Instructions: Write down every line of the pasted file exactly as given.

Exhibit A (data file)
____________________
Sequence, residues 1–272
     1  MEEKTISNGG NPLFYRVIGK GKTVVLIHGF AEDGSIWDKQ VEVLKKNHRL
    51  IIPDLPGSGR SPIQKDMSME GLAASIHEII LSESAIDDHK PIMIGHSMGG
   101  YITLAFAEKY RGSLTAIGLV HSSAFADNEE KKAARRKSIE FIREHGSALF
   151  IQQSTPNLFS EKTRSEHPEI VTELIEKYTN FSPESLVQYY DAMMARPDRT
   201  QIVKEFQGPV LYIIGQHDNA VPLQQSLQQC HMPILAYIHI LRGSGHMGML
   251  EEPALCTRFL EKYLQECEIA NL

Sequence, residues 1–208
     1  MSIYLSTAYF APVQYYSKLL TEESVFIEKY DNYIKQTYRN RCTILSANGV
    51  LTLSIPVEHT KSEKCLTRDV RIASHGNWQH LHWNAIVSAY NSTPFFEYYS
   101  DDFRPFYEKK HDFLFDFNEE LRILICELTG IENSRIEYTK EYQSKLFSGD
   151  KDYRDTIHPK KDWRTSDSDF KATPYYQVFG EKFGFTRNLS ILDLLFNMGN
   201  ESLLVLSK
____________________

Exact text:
Sequence, residues 1–272
     1  MEEKTISNGG NPLFYRVIGK GKTVVLIHGF AEDGSIWDKQ VEVLKKNHRL
    51  IIPDLPGSGR SPIQKDMSME GLAASIHEII LSESAIDDHK PIMIGHSMGG
   101  YITLAFAEKY RGSLTAIGLV HSSAFADNEE KKAARRKSIE FIREHGSALF
   151  IQQSTPNLFS EKTRSEHPEI VTELIEKYTN FSPESLVQYY DAMMARPDRT
   201  QIVKEFQGPV LYIIGQHDNA VPLQQSLQQC HMPILAYIHI LRGSGHMGML
   251  EEPALCTRFL EKYLQECEIA NL

Sequence, residues 1–208
     1  MSIYLSTAYF APVQYYSKLL TEESVFIEKY DNYIKQTYRN RCTILSANGV
    51  LTLSIPVEHT KSEKCLTRDV RIASHGNWQH LHWNAIVSAY NSTPFFEYYS
   101  DDFRPFYEKK HDFLFDFNEE LRILICELTG IENSRIEYTK EYQSKLFSGD
   151  KDYRDTIHPK KDWRTSDSDF KATPYYQVFG EKFGFTRNLS ILDLLFNMGN
   201  ESLLVLSK